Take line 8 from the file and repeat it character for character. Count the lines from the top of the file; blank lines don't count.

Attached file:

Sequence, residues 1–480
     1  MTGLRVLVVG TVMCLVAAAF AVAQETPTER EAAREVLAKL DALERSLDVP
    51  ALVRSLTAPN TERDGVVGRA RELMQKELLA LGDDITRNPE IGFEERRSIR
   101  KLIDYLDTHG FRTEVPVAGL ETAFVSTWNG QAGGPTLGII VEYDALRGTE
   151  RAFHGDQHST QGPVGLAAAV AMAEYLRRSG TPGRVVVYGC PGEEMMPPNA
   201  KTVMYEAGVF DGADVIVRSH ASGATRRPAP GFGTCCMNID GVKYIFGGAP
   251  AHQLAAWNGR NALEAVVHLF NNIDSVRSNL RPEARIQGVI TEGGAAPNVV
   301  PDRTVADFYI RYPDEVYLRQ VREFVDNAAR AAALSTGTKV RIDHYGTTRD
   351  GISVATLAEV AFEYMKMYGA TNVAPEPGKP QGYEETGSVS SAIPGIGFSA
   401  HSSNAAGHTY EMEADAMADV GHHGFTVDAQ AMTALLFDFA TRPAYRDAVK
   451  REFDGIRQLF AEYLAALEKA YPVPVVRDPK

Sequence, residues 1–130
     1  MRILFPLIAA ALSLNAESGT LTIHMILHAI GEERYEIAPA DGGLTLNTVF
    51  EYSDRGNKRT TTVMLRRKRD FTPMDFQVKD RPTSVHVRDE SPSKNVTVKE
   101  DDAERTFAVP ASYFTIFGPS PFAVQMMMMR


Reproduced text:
   301  PDRTVADFYI RYPDEVYLRQ VREFVDNAAR AAALSTGTKV RIDHYGTTRD